But having effectively a full Broadway show experience on the road come at a huge cost and risk of things going wrong. Things would often break down and cause Bowie no end of stress (once he was famously left stuck up in the air when the cherry picker broke down, forcing Bowie to sing a number of additional songs whilst suspended 100 feet in the air). After a few months and a break in the tour, Bowie decided to strip it all back and basically threw the set away, transforming the show into what was renamed “The Soul/Philly Dogs” tour. Sadly because of the stress of it all and huge expense, the tour would only include North America dates and never made it elsewhere, not even the UK.

The band changed throughout the tour but was notable in that it included for the first time a very young Earl Slick on guitar and later on Carlos Alomar as well, who would both work extensively with Bowie in the future. Other notable members of the band (who were forced to play practically out of sight on stage left) include David Sanborn on saxophone and Luther Vandross on backing vocals, both to have huge musical careers.

The “Diamond Dogs” tour was immortalised on the somewhat bizarre live album “David Live“. Recorded with the band upset by a pay dispute regarding royalties, the music comes across as stale, lethargic and lacking any sense of energy, whilst Bowie’s vocals sound strained and tired as he struggles to hit anything above his middle register. The recording is also just terrible, with the very thin sound coming across as if there’s only the one instrument playing at a time. Even Tony Visconti’s attempts to rescue things at the mixing stage comes too late to address things adequately. When I first got this album for Christmas many many moons ago (it was a double-album, how exciting), I was initially extremely disappointed by it all. But I’ve grown to really like it now, appreciating it as a document on an extraordinary time in Bowie’s career that showcases some of his very best songs in a uniquely different light. That said, I highly recommend later superior remixes of this album, especially the 5.1 surround sound version of the album that was released in 2005 in which the sparse recording is perfectly suited to the 5.1 experience.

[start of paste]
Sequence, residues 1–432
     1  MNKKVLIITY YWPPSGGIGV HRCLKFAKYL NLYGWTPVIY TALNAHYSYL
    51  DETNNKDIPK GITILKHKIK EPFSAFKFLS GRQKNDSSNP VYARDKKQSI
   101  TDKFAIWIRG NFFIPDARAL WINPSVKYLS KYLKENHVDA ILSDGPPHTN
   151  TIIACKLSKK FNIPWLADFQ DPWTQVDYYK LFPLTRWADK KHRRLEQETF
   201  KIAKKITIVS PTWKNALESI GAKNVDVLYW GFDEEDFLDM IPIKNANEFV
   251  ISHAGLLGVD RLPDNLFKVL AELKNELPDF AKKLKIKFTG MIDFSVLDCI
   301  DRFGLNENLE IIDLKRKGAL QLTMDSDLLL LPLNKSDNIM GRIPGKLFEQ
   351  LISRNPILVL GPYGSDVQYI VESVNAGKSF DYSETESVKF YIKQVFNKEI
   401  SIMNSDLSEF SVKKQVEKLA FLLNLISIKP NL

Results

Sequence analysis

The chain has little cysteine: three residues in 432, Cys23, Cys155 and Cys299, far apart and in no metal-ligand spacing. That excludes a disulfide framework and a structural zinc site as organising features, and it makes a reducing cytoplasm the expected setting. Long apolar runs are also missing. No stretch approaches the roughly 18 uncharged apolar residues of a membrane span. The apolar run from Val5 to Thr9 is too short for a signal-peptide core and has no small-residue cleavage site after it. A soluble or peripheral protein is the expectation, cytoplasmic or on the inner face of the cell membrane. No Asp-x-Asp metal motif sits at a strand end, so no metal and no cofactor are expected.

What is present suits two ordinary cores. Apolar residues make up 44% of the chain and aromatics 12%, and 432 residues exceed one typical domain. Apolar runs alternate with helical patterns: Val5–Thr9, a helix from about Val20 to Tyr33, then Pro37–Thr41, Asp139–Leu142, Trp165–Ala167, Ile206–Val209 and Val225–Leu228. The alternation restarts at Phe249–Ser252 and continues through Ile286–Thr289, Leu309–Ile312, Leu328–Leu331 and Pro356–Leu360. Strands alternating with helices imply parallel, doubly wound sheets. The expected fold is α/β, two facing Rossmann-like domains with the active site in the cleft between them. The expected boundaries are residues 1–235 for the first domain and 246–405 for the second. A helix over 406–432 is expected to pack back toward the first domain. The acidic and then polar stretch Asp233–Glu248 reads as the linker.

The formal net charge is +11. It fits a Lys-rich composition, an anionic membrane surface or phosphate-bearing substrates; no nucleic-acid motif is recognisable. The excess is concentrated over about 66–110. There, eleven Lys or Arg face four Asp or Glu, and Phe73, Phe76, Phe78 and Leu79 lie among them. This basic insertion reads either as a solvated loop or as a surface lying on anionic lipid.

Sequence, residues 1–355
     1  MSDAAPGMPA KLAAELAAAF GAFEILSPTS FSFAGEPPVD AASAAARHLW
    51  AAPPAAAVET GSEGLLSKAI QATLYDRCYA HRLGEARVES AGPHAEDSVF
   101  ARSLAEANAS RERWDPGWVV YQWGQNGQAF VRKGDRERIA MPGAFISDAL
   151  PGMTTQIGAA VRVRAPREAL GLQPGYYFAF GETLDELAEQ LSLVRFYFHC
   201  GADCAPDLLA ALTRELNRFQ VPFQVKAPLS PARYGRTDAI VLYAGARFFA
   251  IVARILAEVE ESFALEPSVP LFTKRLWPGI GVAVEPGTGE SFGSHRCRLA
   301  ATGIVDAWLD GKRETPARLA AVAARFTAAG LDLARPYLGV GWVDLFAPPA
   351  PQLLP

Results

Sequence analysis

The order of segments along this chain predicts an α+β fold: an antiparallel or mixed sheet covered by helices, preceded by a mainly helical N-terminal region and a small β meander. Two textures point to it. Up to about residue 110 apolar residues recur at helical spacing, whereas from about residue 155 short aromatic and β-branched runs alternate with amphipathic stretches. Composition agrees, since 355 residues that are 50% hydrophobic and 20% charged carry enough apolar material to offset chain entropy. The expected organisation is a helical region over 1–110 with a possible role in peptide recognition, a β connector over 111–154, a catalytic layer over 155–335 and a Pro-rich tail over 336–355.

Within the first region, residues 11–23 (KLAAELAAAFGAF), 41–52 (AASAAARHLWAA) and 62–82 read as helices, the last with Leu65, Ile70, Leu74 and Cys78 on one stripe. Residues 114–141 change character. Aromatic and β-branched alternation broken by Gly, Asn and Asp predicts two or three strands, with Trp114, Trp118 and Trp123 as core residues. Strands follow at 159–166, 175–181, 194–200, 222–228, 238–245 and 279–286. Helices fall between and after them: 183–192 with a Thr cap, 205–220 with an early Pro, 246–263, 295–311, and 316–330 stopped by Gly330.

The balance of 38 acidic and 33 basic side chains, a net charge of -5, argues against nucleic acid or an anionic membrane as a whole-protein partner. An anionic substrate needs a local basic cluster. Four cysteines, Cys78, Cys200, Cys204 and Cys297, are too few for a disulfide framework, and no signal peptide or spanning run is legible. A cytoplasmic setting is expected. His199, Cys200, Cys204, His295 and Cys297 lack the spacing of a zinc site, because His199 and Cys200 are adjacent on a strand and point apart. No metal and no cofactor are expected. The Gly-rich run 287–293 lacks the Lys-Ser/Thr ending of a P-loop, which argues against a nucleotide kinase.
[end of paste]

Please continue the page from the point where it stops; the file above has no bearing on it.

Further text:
David Live Album

For Record Store Day in 2017, a new live album from this period was released called “Cracked Actor (Live Los Angeles ’74)” that was recorded 5 September 1974 on the LA leg of the tour. Overall, I think it a better listening experience with much better performances overall and features then two news songs in “It’s Gonna Be Me” and “John, I’m Only Dancing(Again)“, neither of which managed to make it on the upcoming “Young Americans” album. This new live album was released later in 2017 in CD format. Well worth checking out.

cracked actor lp

It’s been announced there will be yet another live album from this period, due out for Record Store Day 2020 (sadly postponed due to the Coronavirus epidemic) called “I’m Only Dancing (The Soul Tour 74)“, recorded at the Soul/Philly shows in Nashville and Detroit. Something to look forward to…

It’s also well worth checking out a brilliantly insightful BBC documentary from this period also called “Cracked Actor“. Recorded in LA during the “Diamond Dogs” tour, it offers a rare behind the scenes look at an extremely thin, paranoid Bowie as he discusses his career and writing processes. Featuring various clips of his live performances during the tour, it’s one of the very few glimpses we have of these extraordinary live shows.